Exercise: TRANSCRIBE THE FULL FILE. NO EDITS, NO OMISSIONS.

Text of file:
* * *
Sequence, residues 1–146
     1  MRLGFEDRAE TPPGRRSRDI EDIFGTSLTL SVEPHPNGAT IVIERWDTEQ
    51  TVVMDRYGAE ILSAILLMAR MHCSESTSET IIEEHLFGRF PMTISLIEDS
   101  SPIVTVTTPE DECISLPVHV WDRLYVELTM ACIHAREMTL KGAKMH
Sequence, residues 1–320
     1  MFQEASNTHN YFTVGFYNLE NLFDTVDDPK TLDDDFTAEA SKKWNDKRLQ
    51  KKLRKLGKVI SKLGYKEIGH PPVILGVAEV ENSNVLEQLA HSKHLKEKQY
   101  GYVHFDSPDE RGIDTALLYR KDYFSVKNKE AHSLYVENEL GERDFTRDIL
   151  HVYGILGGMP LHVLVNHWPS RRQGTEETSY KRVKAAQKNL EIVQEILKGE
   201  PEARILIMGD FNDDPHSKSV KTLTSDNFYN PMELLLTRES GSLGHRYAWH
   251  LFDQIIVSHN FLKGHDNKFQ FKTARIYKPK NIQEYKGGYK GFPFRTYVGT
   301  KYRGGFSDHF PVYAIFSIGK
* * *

Sequence, residues 1–146
     1  MRLGFEDRAE TPPGRRSRDI EDIFGTSLTL SVEPHPNGAT IVIERWDTEQ
    51  TVVMDRYGAE ILSAILLMAR MHCSESTSET IIEEHLFGRF PMTISLIEDS
   101  SPIVTVTTPE DECISLPVHV WDRLYVELTM ACIHAREMTL KGAKMH
Sequence, residues 1–320
     1  MFQEASNTHN YFTVGFYNLE NLFDTVDDPK TLDDDFTAEA SKKWNDKRLQ
    51  KKLRKLGKVI SKLGYKEIGH PPVILGVAEV ENSNVLEQLA HSKHLKEKQY
   101  GYVHFDSPDE RGIDTALLYR KDYFSVKNKE AHSLYVENEL GERDFTRDIL
   151  HVYGILGGMP LHVLVNHWPS RRQGTEETSY KRVKAAQKNL EIVQEILKGE
   201  PEARILIMGD FNDDPHSKSV KTLTSDNFYN PMELLLTRES GSLGHRYAWH
   251  LFDQIIVSHN FLKGHDNKFQ FKTARIYKPK NIQEYKGGYK GFPFRTYVGT
   301  KYRGGFSDHF PVYAIFSIGK